The housing industry is slowly seeing the return of buyers like Rick LeBlanc, who lost his Michigan home to foreclosure during the financial crisis but now qualifies for a mortgage again.
Mr. LeBlanc, a 46-year-old residential-construction manager, fell behind on his $1,400 monthly mortgage payments in 2007 after suffering a 20% pay cut. He had tried to sell the property before moving to Florida for a new job. With no takers, he took on renters. But with $225,000 owed on the Highland, Mich., property, he and his wife eventually lost it to foreclosure in 2008.
In the years since, Mr. LeBlanc says he was turned down for car loans and credit cards. His credit ruined, he learned to live without debt and to pay for his family’s expenses with cash.
Then last year, with the foreclosure behind him, he found himself with a near-clean credit slate. The LeBlancs were able to purchase a four-bedroom ranch in St. Augustine Beach, Fla., after borrowing just under $300,000 with a 30-year mortgage carrying a fixed interest rate of about 4.4% from Directors Financial Group, a mortgage lender and broker.
More than five million American families lost their homes to foreclosure between 2007—the year when the crisis kicked up—through the end of last year. Foreclosures and most negative credit events stay on credit reports for up to seven years. For those who lost their homes in the early years of the crisis, credit scores are improving as the black marks drop away, improving their ability to borrow again. This could have widespread implications for the U.S. economy, including a boost in demand for mortgages in the coming years.
Fair Isaac Corp., which developed the widely used FICO credit scores, estimates that there were 910,000 consumers whose credit reports showed they had foreclosure proceedings begin on their homes between October 2007 and October 2008. Of those, some 264,400 had no evidence of the event on their credit reports by last October. That number will rise by up to 645,600 by the end of this year, according to FICO.
“The dark shadow of the foreclosure crisis is finally beginning to fade,” says Mark Zandi, chief economist at Moody’s Analytics, a unit of Moody’s Corp. “That should be a positive for single-family housing and, by extension, for the broader economy.”
The end of the seven-year period can be a game changer for borrowers, who can qualify for new home loans and lower interest rates. But not all lenders are welcoming them.
After being hit with mortgage-related penalties, many large banks, such as Bank of America Corp. and J.P. Morgan Chase & Co., decided to pull back sharply on mortgage lending and put in place tough credit requirements that excluded all but the safest borrowers. The requirements, such as high credit scores and unblemished credit histories, had the effect of excluding some foreclosed-on borrowers.
Some of those banks, such as Wells Fargo & Co. and SunTrust Banks Inc., have lately said that they would start easing credit access. But meanwhile, smaller lenders, which for the most part hadn’t faced the penalties, have taken advantage of big banks’ reticence, opening the spigot to qualified but less creditworthy borrowers in an effort to gain market share.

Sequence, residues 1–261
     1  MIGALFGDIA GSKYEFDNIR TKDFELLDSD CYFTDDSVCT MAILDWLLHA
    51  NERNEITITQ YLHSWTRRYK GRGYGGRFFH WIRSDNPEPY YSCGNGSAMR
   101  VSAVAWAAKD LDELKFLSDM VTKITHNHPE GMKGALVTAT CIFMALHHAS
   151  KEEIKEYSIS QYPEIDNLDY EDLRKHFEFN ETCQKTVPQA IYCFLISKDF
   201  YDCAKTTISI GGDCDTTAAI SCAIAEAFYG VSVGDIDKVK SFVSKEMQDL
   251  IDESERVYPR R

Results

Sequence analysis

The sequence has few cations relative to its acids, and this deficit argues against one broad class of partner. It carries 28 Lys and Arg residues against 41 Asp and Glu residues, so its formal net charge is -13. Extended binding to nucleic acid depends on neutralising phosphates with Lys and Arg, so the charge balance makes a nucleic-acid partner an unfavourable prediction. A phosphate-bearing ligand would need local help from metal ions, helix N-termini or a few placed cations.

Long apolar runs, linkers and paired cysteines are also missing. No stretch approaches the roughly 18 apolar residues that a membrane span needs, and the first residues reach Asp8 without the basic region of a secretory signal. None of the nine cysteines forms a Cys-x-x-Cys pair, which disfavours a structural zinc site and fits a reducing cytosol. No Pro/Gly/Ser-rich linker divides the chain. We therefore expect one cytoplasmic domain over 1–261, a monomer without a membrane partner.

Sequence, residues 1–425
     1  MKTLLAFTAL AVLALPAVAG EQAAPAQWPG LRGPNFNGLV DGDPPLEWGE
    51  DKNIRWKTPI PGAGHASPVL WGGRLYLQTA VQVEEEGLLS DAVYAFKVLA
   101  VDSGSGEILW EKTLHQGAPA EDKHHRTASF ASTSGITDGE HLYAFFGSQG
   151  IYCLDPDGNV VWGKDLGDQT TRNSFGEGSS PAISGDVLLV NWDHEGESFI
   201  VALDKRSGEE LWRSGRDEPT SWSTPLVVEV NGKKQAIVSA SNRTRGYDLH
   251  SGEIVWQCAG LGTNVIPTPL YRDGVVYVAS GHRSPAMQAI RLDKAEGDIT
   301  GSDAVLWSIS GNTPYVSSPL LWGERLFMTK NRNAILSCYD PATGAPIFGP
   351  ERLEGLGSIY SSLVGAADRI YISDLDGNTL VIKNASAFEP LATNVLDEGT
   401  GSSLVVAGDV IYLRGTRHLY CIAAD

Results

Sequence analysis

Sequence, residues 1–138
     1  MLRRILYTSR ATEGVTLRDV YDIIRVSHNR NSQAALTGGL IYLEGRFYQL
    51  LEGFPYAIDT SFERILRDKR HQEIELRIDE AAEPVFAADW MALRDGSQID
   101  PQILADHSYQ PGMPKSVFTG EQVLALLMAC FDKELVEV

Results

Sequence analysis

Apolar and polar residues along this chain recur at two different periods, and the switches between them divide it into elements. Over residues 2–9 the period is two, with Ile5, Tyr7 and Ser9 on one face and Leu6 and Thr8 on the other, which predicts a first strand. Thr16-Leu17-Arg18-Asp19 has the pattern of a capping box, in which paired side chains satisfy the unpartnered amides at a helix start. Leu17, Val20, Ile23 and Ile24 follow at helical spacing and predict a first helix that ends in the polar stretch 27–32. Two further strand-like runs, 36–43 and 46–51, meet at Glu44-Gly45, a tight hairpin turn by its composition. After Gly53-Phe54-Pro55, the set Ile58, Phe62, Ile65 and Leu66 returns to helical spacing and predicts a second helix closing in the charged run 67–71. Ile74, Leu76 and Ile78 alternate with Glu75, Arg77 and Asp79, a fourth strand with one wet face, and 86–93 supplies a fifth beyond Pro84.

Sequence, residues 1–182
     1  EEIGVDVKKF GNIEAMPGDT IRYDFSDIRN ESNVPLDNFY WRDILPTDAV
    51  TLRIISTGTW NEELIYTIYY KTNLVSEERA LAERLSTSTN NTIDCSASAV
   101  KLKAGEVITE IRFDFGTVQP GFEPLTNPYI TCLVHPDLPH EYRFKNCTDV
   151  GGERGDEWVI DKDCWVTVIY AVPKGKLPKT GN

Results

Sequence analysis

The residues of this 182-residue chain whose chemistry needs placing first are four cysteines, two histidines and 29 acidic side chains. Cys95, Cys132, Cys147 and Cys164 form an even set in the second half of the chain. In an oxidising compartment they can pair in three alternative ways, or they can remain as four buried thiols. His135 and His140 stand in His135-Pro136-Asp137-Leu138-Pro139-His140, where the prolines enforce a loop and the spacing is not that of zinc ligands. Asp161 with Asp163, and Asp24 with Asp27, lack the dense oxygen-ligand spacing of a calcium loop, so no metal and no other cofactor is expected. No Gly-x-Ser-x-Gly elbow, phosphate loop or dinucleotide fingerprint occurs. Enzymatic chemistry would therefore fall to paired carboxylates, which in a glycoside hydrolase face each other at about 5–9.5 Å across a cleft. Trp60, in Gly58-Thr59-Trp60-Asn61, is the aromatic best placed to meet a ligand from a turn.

Many foreclosed-on borrowers opt for loans backed by the Federal Housing Administration, which allows such buyers to come back in as little as a year under some circumstances. But some big banks, including J.P. Morgan Chase & Co., have curtailed their FHA lending in the wake of government penalties and lawsuits related to mistakes, such as inflated borrowers’ incomes, on FHA loans.
The increase in potential mortgage applicants could give a jolt to the home-mortgage industry. Originations for home purchases declined 13% last year to $638 billion, according to the Mortgage Bankers Association, as higher interest rates and home prices damped affordability.
The declines dragged down bank earnings, which fell for the first time in five years, in part due to reduced revenue from mortgage activity, according to the Federal Deposit Insurance Corp.
“We have a large number of people who were affected by foreclosure and have been sitting in the penalty box,” says Mike Orr, director of the Center for Real Estate Theory and Practice at the W.P. Carey School of Business at Arizona State University. “This ‘boomerang buyer’ group is a pretty substantial potential demand.”
Mortgage companies have already started to see a shift. Anthony Hsieh, chief executive of loanDepot LLC, one of the biggest FHA lenders, said that one out of four of the company’s current FHA borrowers has had either a foreclosure or bankruptcy in the last seven years. Mr. Hsieh said that stringent mortgage requirements—such as relatively high credit score standards—had kept foreclosed-upon borrowers on the sidelines. But that is starting to change.
“The difference is they can actually get approved,” said Mr. Hsieh, who said that a recent lowering of mortgage fees, among other factors, are gaining traction.
FICO credit scores range from 300 to 850 and most mortgage lenders generally require at least a 620 to 660 score to approve applicants.